I often tell people that one of the big advantages of VOIP is that it lets you check your voicemail on your PC. It's easier and faster to process messages on a computer screen than it is to wade through linear voice prompts. But cellular users and those who don't want to replace their home phone service are still stuck navigating voicemail the old-fashioned way.
A new service, GotVoice, can fix this for you. This clever and free product will dial up your voicemail service periodically, record your messages, and both save them on its Web site and email them to you. If you sign up for a premium (paid) account, you can bypass the advertising and get more control over when the service checks your messages.
There are plenty of "universal inbox" systems that are sold to big businesses and to telephone companies. Many will port voicemails to email. But GotVoice is the first system I've seen that end-users can set up themselves on systems that don't have any voicemail export function.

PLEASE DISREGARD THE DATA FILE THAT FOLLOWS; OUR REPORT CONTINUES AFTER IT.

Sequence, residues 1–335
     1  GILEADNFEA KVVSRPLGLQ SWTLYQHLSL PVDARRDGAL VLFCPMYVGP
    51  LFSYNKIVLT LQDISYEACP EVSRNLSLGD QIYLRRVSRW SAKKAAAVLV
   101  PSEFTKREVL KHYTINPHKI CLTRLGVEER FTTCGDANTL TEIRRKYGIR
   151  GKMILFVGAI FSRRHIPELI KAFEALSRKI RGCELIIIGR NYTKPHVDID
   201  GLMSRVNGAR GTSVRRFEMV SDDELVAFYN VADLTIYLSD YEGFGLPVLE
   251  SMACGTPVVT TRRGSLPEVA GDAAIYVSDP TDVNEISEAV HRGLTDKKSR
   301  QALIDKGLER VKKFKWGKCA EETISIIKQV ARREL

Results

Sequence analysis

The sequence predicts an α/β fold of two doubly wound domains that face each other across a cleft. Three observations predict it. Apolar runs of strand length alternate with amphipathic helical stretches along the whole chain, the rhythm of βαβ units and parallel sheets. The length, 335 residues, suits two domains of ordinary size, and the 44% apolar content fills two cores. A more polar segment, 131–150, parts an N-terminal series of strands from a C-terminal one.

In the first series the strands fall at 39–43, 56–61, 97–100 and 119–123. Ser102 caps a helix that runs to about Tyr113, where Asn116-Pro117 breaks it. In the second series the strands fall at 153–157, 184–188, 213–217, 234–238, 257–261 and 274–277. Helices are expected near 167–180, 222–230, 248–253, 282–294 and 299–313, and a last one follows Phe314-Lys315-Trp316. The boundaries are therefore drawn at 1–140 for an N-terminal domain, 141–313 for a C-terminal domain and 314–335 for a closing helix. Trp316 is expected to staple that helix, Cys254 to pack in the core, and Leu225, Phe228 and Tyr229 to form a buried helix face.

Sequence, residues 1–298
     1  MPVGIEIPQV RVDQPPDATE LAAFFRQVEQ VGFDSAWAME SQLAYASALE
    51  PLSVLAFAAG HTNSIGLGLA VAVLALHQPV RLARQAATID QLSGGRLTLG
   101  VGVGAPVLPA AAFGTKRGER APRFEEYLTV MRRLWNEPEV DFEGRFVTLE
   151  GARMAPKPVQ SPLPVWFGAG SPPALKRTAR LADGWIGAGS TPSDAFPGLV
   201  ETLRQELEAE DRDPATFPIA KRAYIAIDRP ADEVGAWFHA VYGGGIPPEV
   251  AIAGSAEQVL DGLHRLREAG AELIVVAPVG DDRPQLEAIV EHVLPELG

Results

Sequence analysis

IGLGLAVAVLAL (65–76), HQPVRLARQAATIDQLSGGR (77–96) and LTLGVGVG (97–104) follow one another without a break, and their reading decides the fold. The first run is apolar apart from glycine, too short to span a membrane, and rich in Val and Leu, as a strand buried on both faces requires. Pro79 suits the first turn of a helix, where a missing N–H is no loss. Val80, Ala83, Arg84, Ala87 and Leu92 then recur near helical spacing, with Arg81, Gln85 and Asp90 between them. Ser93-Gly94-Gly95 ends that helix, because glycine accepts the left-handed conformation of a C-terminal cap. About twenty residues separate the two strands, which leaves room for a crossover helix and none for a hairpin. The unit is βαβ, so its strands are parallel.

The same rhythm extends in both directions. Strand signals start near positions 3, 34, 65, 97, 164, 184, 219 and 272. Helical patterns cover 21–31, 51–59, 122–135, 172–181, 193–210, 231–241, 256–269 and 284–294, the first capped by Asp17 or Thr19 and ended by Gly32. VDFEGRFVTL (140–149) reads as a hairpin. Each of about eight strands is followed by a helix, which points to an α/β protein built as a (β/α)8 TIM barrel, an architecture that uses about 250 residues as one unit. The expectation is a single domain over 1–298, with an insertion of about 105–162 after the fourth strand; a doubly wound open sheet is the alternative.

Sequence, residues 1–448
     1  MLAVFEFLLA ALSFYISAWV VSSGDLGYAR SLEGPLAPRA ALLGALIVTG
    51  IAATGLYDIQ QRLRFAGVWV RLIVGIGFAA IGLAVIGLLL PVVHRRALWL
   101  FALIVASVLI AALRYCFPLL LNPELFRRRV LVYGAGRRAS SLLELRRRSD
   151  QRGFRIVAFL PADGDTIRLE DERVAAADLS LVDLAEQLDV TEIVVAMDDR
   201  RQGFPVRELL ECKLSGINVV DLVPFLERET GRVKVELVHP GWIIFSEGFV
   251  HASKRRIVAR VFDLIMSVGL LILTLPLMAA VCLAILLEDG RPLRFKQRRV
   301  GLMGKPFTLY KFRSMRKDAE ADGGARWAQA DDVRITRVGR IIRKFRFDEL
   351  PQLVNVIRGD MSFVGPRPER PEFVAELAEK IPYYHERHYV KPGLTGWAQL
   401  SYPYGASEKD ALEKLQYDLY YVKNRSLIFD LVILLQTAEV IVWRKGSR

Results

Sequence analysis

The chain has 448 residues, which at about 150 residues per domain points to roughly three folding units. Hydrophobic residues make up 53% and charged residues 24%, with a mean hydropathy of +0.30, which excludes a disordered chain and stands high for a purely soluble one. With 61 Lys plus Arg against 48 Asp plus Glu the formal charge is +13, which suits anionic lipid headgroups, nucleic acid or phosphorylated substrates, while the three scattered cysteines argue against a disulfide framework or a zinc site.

I tried it. It works (although the Caller IDs of people leaving messages didn't come through in my tests). I'm already using it to manage my home voicemail service. Even when I'm sitting right next to my phone, managing voicemails on-screen is much faster than doing it on the telephone. I expect this service will be even more useful when I am away from home, and especially when I am overseas -- it could save me a lot of money in international calling to check voicemail.
Also worth looking at: SpinVox, a European service that will turn voicemails into text, and send them to your cellphone via SMS.